March 8, 2011 | The Daily

U.N.-Friendly Acts

With Libyans dying by the hundreds in their uprising to evict Moammar Gadhafi, the United Nations is speedily backing away from the same Libyan regime it so recently embraced as one of its most favored darlings.

Since lifting sanctions on Libya in 2003, the U.N. has honored Gadhafi’s envoys with seats on the Security Council and Human Rights Council, plus the 2009-10 presidency of the entire U.N. General Assembly. Now the U.N. is professing itself shocked — shocked! — that Gadhafi is displaying brutality consistent with his previous four decades of terror, repression and slaughter.

The U.N. Security Council just last night passed new sanctions on the barbarous regime that Gadhafi has vowed to defend “to the last drop of blood.” The Human Rights Council, in emergency session Friday, voted for the first time to launch a special inquiry into abuses in Libya, urged the General Assembly to suspend Libya's membership in the council, and plans to focus on Libya again tomorrow, with U.S. Secretary of State Hillary Clinton expected to attend.

It’s a commendable U-turn, but has the U.N. really learned anything? Or, with Gadhafi’s carnage flooding the headlines, is the U.N. merely scrambling to protect its own image before returning to its thug-friendly business as usual?

Here are four things the U.N. could do that would not only help Libyans, but also a great many others, including the discredited U.N. itself.

First, the U.N. should start by publicly apologizing for its gross indifference to its own charter values of freedom and human dignity, a betrayal superbly illustrated by, but hardly limited to, the suffering in Libya. Secretary-General Ban Ki-moon should apologize for personally dignifying Gadhafi last March by jetting to Libya for a summit of the Arab League, chaired by Gadhafi.

Second, Ban should further call upon the General Assembly to explain to the world its actions in electing to the Human Rights Council not only Libya, but such human rights violators as Russia, China, Cuba, Cameroon and Saudi Arabia. Ban should ask why, if Libya is to be suspended from the council, these other repressive states should not get the boot as well.

Third, the current president of the General Assembly, Switzerland’s Joseph Deiss, should not only apologize for, but explain to the world, in candid detail, the roots of the U.N. rot that led to the General Assembly’s choice of Libya in 2009 for its president.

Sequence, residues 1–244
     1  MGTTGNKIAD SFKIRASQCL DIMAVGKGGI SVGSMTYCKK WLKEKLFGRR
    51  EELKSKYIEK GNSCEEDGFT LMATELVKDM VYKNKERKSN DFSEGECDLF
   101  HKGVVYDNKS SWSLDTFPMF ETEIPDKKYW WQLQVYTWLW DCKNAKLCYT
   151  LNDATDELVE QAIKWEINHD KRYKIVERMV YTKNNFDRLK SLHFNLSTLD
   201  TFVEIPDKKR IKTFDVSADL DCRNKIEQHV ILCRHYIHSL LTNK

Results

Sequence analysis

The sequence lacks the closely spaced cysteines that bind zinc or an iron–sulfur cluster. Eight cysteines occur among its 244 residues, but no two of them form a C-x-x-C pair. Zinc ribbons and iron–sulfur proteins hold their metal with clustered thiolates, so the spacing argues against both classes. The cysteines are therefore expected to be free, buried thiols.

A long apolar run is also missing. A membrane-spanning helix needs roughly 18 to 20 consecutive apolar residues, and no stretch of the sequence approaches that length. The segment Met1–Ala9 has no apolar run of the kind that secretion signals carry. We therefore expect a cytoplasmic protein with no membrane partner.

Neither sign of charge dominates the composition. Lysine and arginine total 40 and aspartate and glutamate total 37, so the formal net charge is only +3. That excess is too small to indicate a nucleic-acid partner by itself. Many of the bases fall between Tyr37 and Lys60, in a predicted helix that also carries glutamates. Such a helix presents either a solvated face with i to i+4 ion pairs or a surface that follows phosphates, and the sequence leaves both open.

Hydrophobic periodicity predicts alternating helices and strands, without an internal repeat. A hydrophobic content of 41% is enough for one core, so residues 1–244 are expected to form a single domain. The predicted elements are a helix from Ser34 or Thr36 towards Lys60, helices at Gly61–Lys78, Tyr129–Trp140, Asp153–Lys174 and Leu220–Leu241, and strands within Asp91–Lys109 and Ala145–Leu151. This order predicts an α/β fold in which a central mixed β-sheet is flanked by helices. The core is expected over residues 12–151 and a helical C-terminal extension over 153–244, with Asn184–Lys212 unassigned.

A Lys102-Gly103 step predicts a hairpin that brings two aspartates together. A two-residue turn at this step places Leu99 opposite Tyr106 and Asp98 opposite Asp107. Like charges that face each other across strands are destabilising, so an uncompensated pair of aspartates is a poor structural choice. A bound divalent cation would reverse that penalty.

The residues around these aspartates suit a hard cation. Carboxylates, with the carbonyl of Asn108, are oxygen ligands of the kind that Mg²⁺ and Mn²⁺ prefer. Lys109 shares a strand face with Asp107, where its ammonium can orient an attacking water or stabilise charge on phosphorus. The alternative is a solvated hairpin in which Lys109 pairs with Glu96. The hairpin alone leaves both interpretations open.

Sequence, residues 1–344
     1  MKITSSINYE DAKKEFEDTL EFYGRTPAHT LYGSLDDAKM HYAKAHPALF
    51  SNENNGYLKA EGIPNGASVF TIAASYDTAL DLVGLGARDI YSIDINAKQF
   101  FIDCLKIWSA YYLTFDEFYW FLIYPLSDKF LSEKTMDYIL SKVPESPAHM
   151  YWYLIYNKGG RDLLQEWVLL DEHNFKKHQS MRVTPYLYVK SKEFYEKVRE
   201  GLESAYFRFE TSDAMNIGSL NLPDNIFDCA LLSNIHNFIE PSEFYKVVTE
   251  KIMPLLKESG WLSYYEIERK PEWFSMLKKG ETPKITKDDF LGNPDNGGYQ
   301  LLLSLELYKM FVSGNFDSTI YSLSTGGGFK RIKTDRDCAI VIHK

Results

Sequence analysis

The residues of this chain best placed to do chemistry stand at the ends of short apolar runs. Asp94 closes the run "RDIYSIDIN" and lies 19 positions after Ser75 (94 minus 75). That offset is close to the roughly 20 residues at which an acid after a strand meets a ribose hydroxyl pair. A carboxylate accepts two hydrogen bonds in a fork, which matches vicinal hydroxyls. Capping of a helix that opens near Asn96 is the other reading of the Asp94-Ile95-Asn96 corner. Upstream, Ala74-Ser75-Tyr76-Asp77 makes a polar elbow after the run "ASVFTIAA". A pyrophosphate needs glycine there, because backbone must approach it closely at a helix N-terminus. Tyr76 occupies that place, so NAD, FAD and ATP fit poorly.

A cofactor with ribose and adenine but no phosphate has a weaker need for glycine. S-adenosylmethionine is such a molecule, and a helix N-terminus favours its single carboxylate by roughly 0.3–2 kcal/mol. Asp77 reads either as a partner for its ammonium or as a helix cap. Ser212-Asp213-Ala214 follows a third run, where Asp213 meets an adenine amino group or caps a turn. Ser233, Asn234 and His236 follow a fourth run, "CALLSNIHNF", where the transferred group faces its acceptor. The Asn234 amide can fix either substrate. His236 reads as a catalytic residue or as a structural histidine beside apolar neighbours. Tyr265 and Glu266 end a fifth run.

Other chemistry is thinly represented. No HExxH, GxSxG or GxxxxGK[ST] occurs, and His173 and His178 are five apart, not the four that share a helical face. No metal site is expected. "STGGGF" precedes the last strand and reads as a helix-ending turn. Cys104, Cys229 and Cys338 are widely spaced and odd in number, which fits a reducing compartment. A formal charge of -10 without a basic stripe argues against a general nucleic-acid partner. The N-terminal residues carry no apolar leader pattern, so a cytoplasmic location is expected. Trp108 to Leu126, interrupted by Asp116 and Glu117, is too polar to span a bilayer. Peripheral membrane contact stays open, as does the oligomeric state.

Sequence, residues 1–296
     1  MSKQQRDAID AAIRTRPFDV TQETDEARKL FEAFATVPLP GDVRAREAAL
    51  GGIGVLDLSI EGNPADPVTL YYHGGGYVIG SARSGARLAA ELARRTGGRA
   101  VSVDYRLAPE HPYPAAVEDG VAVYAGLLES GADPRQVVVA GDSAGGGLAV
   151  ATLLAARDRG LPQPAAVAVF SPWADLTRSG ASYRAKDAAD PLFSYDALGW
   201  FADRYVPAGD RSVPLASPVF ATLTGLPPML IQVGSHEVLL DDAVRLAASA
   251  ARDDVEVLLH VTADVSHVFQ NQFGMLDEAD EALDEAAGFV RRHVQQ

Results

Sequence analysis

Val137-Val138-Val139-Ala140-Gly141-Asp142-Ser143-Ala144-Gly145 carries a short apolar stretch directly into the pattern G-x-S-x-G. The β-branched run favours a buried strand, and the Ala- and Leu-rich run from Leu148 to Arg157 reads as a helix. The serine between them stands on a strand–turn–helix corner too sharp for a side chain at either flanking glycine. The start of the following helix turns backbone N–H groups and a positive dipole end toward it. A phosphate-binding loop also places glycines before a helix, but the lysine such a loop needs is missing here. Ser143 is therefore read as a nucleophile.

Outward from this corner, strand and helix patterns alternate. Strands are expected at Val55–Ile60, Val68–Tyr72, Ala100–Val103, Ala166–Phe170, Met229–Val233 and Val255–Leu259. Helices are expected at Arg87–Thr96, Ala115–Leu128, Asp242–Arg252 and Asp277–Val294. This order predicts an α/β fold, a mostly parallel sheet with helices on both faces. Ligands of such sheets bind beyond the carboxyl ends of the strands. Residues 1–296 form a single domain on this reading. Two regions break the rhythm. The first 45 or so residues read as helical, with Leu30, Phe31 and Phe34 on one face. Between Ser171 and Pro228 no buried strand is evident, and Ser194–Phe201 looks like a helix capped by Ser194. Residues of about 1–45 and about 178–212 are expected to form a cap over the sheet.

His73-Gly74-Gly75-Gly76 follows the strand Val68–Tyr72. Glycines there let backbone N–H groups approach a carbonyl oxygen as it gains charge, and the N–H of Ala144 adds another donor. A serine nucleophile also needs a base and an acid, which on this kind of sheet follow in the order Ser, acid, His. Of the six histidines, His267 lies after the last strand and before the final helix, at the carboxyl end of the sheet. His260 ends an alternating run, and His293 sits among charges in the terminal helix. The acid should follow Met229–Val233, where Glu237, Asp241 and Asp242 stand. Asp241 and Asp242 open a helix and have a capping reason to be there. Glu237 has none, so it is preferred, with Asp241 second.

Fourth, the U.N. Security Council, beyond any late-in-the-day reprisal of long-gone sanctions on Gadhafi’s regime, should demand that Ban launch an independent inquiry into the backroom methods of the despot-friendly lobbying blocs of the General Assembly, such as the 57-member Organization of the Islamic Conference, and the Group of 77 plus China. Such blocs help boost tyrannies like Iran, Cuba and China, as well as Libya, into positions of dignity and influence at the U.N. This has produced such travesties as the 2009 anti-Semitic Durban Review conference on “racism,” held in Geneva and featuring Iran’s Mahmoud Ahmadinejad as the star speaker, with Libya chairing the preparatory committee. A full airing of how dictators connive to exploit the U.N. could help prevent any budding despotic regimes from hijacking the current Arab uprisings.

If all this sounds like too much to ask, it is actually the least the U.N. could do, both to support the people of Libya and to begin to redeem itself. In the coming days, we are likely to see Gadhafi become the sole sacrificial goat at a U.N. that loves to dignify dictators, while the organization quite likely launches emergency appeals for loads of money to bankroll its aid to the same Libyan people whom, until just last week, it so blithely betrayed. That’s nice business for the U.N., where agencies routinely take a cut for their services. But what’s most desperately needed from the U.N. right now — not only by the people of Libya but by the captive populations of such repressive states as Syria, Cuba, China, Iran and North Korea — is an about-face that fully recognizes that they, the people, are more deserving of a seat at the table than many of the eminences now motoring in their limousines, in New York and Geneva, to and from the U.N.’s emergency sessions on Libya. 

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